Farmers are no longer the voting bloc they once were, so if they're going to survive they need to do what the major political parties are doing and court the metropolitan voice.
That was the message from Regional Economic Development Minister Shane Jones at Federated Farmers' Northland AGM for an audience who were feeling under threat from climate change and forestry policies.
His comments were made in line with others on issues including urban sprawl, his confidence in the ability of the Resource Management Act to be rolled out effectively, the on-the-ground response to what farmers were facing with Mycoplasma bovis, and the behaviour of the Australian-owned banks.
But he emphasised that the voters politicians ultimately had to win over were no longer behind the farm gate, but had moved to the larger cities.
Farming had to win urban hearts and minds to be remembered when policy was created for New Zealand to live under.
"We are in a race for power and influence," Mr Jones said, adding that there had been a notable "changing of the tide".
He also spoke of how farming was being presented to city dwellers as an industry that needed to be brought into line, of how rural waterways were presented as mismanaged as opposed to city waterways, calling out "that rhetoric" for what it was.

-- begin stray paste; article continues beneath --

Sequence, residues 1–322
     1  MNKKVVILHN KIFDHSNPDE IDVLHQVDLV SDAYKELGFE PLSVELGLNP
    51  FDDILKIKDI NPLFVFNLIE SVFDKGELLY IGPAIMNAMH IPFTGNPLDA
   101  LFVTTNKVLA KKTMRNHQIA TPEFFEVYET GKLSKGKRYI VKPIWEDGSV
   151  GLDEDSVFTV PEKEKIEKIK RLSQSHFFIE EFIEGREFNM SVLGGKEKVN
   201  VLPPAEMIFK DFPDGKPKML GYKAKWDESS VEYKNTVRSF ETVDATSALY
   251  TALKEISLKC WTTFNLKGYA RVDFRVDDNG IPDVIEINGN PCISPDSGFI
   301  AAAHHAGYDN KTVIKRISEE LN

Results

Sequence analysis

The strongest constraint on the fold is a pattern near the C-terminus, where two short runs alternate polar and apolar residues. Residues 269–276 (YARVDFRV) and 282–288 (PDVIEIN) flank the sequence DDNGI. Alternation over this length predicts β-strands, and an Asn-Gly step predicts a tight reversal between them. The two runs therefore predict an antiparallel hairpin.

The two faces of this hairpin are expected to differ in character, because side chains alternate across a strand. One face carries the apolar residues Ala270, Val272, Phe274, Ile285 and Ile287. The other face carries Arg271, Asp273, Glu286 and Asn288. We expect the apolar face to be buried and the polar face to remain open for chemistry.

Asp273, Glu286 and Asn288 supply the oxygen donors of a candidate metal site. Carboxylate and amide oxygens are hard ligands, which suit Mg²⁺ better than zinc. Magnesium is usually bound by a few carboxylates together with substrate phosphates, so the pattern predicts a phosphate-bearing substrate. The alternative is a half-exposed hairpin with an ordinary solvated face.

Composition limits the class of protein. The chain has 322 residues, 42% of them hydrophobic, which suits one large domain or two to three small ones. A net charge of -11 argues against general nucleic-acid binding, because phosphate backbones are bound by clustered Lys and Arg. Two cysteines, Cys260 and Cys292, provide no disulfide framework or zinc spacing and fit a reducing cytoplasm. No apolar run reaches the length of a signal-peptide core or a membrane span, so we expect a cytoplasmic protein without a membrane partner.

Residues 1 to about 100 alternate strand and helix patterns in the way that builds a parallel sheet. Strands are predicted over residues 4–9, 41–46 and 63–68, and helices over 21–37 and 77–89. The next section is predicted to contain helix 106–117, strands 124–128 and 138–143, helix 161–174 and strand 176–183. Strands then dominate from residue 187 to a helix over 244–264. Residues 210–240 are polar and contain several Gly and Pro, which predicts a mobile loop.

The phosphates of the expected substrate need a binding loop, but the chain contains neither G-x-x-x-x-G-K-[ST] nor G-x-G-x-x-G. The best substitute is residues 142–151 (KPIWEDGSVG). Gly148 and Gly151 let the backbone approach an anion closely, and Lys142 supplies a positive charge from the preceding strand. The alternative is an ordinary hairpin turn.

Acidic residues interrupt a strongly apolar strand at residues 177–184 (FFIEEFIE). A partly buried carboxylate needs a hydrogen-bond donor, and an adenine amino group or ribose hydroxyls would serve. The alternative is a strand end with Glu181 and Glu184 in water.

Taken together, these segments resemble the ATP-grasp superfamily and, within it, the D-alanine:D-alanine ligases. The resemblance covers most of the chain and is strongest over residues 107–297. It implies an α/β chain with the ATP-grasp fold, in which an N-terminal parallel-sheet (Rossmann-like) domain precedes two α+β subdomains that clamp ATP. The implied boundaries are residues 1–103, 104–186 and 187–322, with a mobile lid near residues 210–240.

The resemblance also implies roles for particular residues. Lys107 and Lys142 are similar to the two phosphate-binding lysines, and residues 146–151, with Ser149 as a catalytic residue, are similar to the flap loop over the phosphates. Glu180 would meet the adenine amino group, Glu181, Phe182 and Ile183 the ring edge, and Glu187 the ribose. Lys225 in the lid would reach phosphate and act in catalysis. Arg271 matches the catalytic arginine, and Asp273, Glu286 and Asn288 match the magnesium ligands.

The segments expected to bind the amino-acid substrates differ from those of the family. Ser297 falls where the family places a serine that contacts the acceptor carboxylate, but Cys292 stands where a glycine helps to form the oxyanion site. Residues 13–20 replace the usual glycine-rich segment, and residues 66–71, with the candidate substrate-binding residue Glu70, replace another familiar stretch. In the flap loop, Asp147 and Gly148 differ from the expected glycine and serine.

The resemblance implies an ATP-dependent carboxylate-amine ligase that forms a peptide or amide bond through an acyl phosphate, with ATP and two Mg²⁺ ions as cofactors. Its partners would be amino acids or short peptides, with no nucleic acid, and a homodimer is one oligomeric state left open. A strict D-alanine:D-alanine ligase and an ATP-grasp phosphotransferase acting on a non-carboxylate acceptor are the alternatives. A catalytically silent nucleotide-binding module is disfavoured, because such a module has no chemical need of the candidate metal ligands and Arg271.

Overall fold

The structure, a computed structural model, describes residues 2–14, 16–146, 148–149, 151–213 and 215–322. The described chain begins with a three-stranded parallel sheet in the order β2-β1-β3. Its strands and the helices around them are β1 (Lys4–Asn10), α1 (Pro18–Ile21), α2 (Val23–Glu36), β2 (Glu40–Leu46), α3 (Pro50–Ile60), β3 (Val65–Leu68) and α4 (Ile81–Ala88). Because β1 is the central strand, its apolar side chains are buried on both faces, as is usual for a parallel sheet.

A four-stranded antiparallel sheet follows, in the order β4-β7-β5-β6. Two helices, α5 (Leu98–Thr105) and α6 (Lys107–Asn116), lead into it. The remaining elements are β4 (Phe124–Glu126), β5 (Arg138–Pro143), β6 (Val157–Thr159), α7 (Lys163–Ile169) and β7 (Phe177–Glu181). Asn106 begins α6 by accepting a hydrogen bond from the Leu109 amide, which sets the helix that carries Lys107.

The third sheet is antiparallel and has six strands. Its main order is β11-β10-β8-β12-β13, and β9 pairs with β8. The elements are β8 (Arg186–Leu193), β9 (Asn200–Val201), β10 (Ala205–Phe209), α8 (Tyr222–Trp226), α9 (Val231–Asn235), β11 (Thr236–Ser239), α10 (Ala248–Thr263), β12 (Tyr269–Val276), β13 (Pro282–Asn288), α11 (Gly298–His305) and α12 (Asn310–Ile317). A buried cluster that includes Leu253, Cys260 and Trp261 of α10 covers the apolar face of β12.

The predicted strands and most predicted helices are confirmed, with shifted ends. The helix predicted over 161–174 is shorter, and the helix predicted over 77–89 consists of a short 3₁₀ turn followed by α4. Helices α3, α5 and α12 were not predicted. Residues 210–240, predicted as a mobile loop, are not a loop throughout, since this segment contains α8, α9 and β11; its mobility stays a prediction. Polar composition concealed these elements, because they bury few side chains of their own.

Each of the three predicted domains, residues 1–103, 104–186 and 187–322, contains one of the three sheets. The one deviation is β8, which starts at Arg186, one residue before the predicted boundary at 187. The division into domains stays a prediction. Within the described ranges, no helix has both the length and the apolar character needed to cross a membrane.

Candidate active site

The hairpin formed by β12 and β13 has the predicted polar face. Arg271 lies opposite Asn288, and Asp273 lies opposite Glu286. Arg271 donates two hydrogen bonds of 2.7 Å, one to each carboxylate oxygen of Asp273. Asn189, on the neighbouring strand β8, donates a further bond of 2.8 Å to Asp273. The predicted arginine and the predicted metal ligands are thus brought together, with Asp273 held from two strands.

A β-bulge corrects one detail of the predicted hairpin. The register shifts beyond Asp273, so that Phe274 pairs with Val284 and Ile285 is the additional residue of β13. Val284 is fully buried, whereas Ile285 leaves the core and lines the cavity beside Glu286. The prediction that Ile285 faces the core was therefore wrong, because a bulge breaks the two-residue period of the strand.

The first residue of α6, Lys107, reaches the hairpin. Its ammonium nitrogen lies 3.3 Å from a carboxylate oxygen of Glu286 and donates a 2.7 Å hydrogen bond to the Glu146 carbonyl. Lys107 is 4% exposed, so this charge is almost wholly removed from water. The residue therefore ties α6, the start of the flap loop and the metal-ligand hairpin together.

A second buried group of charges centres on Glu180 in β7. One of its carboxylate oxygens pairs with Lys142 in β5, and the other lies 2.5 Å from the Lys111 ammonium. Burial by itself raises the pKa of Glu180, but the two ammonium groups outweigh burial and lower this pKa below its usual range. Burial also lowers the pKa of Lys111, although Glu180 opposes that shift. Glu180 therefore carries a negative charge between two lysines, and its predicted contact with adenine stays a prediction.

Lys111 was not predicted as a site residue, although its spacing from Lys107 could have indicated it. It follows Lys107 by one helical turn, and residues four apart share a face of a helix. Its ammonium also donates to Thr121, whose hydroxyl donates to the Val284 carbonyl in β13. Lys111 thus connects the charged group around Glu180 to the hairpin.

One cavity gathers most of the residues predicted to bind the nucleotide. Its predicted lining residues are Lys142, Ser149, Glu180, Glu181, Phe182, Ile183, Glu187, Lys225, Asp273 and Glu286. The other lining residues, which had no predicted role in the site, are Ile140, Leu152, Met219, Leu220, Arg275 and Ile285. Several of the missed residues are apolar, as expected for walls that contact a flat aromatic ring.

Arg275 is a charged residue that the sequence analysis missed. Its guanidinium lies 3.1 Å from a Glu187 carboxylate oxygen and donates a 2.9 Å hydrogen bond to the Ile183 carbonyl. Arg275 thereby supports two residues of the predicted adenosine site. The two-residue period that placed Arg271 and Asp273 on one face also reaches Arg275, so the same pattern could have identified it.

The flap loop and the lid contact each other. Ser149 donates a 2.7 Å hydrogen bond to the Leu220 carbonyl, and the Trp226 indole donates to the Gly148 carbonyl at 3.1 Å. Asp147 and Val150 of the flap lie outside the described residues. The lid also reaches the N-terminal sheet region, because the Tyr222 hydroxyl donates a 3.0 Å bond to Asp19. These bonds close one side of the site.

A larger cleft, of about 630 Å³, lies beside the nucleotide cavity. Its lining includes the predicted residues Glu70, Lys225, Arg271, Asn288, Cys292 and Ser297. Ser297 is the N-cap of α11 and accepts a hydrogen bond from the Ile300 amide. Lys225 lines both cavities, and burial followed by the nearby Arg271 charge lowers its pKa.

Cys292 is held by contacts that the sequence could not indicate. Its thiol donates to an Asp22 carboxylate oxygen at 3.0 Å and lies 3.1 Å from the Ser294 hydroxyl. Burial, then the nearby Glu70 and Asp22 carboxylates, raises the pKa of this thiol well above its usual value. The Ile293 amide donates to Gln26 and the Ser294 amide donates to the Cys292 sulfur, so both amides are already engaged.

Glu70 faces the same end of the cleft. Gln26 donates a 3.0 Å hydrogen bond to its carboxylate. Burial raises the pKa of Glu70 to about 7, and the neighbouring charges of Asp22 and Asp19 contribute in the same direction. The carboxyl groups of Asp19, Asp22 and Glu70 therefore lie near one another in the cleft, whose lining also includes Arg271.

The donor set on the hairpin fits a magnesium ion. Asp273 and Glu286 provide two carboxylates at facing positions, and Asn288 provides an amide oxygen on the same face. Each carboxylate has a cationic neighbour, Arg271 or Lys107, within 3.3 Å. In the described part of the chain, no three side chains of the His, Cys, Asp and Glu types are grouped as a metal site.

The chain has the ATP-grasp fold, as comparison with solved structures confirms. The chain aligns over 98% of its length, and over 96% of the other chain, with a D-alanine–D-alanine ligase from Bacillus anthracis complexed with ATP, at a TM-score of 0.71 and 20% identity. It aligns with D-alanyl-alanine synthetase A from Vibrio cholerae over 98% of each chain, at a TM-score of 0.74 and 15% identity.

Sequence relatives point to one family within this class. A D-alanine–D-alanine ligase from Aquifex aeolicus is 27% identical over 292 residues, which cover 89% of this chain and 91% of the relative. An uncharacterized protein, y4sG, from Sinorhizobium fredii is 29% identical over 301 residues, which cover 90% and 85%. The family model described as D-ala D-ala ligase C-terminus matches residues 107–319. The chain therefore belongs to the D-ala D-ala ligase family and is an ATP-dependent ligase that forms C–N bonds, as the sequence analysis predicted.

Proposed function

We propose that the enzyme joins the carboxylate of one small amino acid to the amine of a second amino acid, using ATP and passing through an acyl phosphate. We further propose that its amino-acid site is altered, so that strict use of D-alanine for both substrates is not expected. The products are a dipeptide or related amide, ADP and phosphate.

The language being used was casting farming as a "cancer-inducing" industry, he said.
"Would you like a gallery of guilt with your latte?" he asked, saying farming was being "guilt-tripped out of existence".
He also reminded his audience that it was put a National Government that had committed New Zealand to the targets of the Paris Accord, saying that had revealed the influence of the metropolitan vote.
He said it was important that the levy-funded organisations that represented rural businesses worked with those in governance who understood that rural people were human beings who needed functioning businesses to exist.
"Pick your friends very carefully. Make sure they're connected to the problems you're experiencing on the ground."